The new week started with mortgage rates going higher, but today, mortgage rates went even higher. This happened after the Fed announced that there will be slow bond buying. This announcement became a trigger of a potential volatile rate, which didn’t come as a surprise.
When the economy crashed in 2008, the Fed started buying mortgage bonds in 2009 to keep rates low, and ever since, they have been doing that since then. For an investor, a bond pays a rate of return, and the rate is ties to a bond’s price. If you reduce the buying rate of a bond, the rate of return will be higher, and if you pay more for a bond, the rate of return will be lower.
Since 2009, the Fed have always tried to taper off bond buying to reduce rate, but after the announcement to start tapering soon, plans to buy more bonds has been dropped, and this is one of the reasons mortgage rates have been rising since the week.
Before now, there have been certain misconceptions about the Fed setting & changing mortgage rates. This assumption is only true when it comes to Home Equity Lines of Credit, and even at that, the Fed only changes the policy rate, and not set the rate. The HELOC lenders does that. For example, the Fed kept its policy rate unchanged, but the mortgage rate still jumped by .125% in 30yr fixed terms, which is huge.
To many, the timing and decision of this change regarding bonds buying programs is questionable, especially for the mortgage market. However, Fed members were more concerned about the outlook of future price rate hikes. This means there will be more discussions about tapering of Fed’s bond buying programs. Fed Chair Powell confirmed after the announcement that the Fed had taken huge steps in discussing tapering.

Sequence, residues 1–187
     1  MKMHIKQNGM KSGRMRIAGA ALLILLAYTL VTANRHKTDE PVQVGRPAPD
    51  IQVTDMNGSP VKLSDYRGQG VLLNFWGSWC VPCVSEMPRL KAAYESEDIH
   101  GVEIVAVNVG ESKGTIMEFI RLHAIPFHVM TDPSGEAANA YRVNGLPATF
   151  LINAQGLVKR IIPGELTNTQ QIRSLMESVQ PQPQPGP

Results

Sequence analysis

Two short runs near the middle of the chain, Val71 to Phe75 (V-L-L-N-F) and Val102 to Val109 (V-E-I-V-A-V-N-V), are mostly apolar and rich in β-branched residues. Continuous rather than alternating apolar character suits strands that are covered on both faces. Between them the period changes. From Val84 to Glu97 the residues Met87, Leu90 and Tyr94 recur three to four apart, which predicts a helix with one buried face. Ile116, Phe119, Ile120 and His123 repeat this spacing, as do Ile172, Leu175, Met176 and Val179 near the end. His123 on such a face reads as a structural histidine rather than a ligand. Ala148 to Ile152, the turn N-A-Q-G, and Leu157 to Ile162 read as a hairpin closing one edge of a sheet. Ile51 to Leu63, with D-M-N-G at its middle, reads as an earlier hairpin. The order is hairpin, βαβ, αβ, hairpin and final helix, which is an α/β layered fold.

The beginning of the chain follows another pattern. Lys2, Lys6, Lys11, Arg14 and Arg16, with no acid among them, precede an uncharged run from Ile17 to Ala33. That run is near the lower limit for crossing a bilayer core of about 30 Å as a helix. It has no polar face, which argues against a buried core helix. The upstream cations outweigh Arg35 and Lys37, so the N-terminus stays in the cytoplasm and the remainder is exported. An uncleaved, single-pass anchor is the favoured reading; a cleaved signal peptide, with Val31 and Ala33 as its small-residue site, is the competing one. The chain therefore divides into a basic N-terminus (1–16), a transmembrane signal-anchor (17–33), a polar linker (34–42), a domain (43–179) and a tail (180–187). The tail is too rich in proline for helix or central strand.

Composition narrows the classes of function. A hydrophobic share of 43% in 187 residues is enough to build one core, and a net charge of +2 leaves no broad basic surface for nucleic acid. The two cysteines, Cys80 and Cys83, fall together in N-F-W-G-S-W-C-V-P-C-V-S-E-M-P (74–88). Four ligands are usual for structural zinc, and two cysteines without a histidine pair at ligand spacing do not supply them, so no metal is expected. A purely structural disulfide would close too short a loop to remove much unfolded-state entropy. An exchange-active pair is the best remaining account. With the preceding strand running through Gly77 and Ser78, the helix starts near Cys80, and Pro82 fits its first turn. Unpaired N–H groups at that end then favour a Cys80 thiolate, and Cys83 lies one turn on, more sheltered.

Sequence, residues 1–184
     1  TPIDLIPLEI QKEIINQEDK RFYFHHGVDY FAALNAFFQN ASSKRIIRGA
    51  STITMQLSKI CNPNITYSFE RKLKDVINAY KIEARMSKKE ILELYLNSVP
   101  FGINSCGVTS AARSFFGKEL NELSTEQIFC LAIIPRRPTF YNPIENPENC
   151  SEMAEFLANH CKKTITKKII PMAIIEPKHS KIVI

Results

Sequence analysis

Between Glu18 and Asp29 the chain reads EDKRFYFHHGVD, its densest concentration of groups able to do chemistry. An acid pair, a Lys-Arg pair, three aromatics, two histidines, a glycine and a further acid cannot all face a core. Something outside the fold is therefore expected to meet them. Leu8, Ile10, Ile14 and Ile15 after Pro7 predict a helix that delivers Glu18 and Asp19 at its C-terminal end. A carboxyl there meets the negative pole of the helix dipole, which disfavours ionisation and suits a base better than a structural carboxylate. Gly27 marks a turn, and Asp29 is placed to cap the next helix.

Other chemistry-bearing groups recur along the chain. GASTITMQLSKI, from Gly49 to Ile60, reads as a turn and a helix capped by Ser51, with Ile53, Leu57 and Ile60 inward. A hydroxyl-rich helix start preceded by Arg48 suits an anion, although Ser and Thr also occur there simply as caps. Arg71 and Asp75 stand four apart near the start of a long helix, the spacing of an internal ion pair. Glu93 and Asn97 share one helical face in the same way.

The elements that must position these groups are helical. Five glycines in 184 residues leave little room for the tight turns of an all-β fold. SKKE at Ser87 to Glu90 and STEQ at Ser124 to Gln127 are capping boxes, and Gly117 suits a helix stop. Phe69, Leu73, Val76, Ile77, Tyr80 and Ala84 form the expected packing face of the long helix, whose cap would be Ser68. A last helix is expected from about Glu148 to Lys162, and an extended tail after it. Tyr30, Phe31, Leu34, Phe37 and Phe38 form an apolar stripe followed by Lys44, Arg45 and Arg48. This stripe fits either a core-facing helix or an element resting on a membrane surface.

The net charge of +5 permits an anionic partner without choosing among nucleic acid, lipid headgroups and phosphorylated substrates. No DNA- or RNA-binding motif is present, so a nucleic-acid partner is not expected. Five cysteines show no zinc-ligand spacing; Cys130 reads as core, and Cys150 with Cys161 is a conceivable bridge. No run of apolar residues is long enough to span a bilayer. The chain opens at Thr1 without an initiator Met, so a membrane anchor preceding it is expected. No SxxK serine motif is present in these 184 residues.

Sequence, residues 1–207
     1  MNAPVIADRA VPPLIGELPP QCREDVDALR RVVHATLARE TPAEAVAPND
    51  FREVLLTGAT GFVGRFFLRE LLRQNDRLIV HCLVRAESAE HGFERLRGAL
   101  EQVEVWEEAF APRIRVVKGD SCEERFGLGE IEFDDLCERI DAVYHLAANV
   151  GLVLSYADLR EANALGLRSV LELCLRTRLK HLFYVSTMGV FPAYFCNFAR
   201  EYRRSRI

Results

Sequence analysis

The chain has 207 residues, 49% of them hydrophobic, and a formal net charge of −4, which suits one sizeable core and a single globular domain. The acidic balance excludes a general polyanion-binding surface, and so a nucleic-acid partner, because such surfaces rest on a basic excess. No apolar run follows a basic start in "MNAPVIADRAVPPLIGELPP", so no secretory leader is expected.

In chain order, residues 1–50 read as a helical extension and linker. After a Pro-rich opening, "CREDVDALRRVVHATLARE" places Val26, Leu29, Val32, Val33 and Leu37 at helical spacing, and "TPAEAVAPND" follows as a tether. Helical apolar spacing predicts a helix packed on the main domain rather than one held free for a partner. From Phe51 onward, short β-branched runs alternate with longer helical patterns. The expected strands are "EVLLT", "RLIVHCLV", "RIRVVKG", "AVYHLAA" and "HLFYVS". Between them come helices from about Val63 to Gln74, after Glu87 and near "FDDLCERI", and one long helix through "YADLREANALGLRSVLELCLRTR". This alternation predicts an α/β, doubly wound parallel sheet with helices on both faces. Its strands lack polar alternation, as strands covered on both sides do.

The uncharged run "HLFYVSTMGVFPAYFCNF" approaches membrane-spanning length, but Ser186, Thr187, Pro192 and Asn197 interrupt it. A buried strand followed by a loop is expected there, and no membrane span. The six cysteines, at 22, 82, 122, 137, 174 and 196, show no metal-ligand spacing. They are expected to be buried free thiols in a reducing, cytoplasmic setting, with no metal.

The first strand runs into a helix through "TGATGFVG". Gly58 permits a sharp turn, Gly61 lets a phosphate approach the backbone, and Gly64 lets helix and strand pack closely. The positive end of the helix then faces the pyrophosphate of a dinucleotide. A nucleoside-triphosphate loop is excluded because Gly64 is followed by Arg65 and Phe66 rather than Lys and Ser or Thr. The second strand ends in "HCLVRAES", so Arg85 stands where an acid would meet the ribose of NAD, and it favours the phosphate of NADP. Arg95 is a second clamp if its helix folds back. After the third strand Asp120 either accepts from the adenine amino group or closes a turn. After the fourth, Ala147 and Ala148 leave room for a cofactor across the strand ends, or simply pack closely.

Bond market participants think that the Fed tapering of bond buying could happen before the end of the year. However, they are surprised that this decision took place in the middle of the year.
What is the further implication of this announcement for the mortgage market in upcoming years?
We can only hope that the rate doesn’t get higher. Considering the strong showing of the market since the beginning of the week, it remains to be seen if the mortgage hike is a beginning of an ongoing upward trend. We could possibly witness such a trend in the upcoming days, but we can only hope for a sustained momentum, at least before Fall, when the Fed decides the next big thing to do about the economy.
For homebuyers, it’s unlikely that rates will go lower. If you’re saving up to buy a home costing $400,000, with today’s spike in mortgage rate, you will spend more. This will break buyer’s budget, but one question still remains unsolved, will the spike in mortgage rate continue?